4- The deductible: Don’t overlook it

The deductible is the amount assumed by you in the event of a loss. For example, if you claim $2,000 from your insurer for theft of your personal property and the deductible under your insurance contract is $500, the insurer will reimburse you for only $1,500. Choose a deductible you’re comfortable with, based on the insurance premium you’re prepared to pay.

The condo corporation’s deductible shouldn’t be overlooked either. This deductible is even higher, often by tens or even hundreds of thousands of dollars! Condo corporations are required to have a self-insurance fund in place as of April 15, 2022. Many condo corporations will be setting up such a fund before this deadline, if they haven’t already done so. In the event of a loss, this fund will be used to pay the condo corporation’s deductible or the amount disbursed by the condo corporation should the insurance indemnity and contingency fund not be sufficient.

Remember! Check whether the condo corporation has already established a self-insurance fund and whether there will be enough in the fund as of April 2022.

5- You aren’t protected from having to pay a special assessment

The common portions of your condominium have been affected by a loss? In some cases, your condo corporation may ask you to pay a special assessment (an amount of money to be paid on top of the monthly condo fee) to help cover the cost of repairs.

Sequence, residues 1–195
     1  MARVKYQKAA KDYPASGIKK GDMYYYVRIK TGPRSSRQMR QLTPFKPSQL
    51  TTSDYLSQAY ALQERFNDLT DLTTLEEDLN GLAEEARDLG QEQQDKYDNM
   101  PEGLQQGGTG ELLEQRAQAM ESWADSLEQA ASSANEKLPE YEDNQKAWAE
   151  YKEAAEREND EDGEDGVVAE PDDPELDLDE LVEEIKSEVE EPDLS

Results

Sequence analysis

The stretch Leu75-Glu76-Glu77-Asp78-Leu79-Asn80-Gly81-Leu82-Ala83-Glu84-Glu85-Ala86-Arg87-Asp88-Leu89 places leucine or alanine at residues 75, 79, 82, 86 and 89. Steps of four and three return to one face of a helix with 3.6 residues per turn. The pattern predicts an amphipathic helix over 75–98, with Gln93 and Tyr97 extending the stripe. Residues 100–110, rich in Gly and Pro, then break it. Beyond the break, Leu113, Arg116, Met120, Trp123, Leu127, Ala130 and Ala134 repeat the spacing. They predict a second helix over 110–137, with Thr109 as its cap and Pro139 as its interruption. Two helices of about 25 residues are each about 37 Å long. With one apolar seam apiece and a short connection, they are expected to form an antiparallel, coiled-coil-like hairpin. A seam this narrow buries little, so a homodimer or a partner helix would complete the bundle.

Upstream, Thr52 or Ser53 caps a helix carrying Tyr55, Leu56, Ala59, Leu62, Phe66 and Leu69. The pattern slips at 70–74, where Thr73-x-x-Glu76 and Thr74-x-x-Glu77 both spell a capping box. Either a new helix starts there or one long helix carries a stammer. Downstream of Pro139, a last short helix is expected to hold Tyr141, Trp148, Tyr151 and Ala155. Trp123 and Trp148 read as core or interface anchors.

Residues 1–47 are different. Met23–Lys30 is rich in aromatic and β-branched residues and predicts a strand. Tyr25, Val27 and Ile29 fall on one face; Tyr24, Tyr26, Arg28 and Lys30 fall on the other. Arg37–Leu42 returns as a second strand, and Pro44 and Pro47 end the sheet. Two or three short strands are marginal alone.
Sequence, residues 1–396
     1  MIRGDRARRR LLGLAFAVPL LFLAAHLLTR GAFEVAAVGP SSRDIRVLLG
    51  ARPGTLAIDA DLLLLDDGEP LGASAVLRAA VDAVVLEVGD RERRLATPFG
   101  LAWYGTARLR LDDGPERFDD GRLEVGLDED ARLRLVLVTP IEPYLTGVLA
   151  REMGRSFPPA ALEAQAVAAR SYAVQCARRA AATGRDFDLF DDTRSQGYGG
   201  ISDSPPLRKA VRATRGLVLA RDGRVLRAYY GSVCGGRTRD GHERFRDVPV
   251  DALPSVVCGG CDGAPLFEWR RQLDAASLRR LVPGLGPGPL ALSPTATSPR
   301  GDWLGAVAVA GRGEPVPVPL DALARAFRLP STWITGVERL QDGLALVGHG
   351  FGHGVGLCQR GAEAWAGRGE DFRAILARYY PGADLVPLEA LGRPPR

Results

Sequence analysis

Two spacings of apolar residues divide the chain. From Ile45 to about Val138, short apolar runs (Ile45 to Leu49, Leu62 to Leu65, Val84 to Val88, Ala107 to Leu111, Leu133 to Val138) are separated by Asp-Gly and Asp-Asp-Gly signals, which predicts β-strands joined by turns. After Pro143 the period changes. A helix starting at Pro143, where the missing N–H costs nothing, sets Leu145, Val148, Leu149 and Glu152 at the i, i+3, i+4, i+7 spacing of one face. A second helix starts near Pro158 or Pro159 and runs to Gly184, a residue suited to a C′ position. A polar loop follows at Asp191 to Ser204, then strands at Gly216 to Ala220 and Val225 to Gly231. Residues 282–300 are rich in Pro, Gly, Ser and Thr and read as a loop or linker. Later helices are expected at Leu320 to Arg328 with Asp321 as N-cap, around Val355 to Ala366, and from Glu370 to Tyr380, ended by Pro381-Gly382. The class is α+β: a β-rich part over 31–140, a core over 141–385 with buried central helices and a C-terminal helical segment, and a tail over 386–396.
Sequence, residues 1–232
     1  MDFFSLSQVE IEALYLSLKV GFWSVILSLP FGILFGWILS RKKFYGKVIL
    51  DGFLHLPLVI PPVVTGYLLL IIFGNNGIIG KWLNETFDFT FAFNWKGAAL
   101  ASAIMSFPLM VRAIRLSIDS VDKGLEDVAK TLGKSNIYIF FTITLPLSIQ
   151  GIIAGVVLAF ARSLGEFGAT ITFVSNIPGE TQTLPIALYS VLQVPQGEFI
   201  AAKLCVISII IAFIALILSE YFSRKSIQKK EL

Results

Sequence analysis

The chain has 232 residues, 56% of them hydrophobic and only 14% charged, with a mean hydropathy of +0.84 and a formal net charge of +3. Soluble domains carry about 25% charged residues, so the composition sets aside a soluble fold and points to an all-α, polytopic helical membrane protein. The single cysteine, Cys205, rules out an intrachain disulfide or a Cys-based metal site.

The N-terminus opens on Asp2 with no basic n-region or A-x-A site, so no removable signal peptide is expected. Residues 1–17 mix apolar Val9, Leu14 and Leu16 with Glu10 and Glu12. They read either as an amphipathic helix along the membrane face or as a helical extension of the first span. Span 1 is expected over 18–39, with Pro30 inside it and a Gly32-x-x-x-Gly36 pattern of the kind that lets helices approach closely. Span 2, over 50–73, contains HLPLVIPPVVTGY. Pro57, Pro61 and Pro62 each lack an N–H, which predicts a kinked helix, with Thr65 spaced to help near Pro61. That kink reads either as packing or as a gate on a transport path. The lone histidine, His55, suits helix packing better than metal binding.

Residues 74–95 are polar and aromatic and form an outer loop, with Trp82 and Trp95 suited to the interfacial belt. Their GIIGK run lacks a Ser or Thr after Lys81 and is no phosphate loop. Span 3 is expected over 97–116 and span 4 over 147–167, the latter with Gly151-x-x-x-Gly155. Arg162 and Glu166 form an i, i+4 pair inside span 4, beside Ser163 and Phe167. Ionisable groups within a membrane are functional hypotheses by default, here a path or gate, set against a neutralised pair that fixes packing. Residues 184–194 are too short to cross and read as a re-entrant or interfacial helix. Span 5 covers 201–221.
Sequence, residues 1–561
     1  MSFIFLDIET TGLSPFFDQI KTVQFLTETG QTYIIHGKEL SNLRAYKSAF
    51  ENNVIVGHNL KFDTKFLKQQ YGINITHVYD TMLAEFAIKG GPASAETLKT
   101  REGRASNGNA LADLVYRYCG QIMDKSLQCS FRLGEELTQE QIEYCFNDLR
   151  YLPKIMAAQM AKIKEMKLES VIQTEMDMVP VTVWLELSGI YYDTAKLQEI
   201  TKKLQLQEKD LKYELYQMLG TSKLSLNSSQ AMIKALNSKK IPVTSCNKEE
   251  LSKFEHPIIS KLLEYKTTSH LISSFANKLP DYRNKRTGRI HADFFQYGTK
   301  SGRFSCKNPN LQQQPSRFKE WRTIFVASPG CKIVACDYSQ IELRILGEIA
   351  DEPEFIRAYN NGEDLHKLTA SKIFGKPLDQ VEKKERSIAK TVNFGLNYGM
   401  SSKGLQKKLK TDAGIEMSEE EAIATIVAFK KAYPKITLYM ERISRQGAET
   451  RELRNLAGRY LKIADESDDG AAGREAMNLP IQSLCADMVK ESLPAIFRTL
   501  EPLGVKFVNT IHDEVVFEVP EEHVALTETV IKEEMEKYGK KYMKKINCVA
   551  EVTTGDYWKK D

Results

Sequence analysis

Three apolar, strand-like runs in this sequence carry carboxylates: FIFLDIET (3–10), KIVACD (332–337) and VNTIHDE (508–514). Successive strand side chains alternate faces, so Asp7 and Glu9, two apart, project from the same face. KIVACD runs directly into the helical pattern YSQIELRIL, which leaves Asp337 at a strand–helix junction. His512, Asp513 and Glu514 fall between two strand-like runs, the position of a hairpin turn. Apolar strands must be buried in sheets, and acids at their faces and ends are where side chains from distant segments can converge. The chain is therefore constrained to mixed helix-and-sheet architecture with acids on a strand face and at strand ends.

Here’s one example of a situation that could occur: Water leaks into the common portions of the condominium and causes $200,000 in damage. The condo corporation’s deductible for this type of loss is $100,000. However, there’s only $30,000 in the self-insurance fund. The condo corporation charges each co-owner a special assessment representing a portion of the remaining $70,000 payable for the repairs to the building.

Do your homework: Your personal home insurer may include coverage for certain types of special assessments. To benefit from this coverage, however, you must be insured against the same type of loss for which an assessment is being claimed.

Have you considered all the coverage available?

Pierre lives on the sixth floor of a 36-unit condo building. He didn’t buy sewer backup coverage from his personal insurer because he thought there was no risk of such an incident occurring. The sewer backs up and the common portions of the building’s basement are damaged. The insurance for the building is not sufficient to cover all the damage. The condo syndicate therefore claims a special assessment from all the co owners to make up the shortfall.

Pierre files a claim with his personal insurer for the amount of the special assessment. The insurer denies his claim because he didn’t take out sewer backup coverage.

Remember! Pay special attention to all the coverages provided by your personal home insurer if you specifically want to be covered in the event of a special assessment.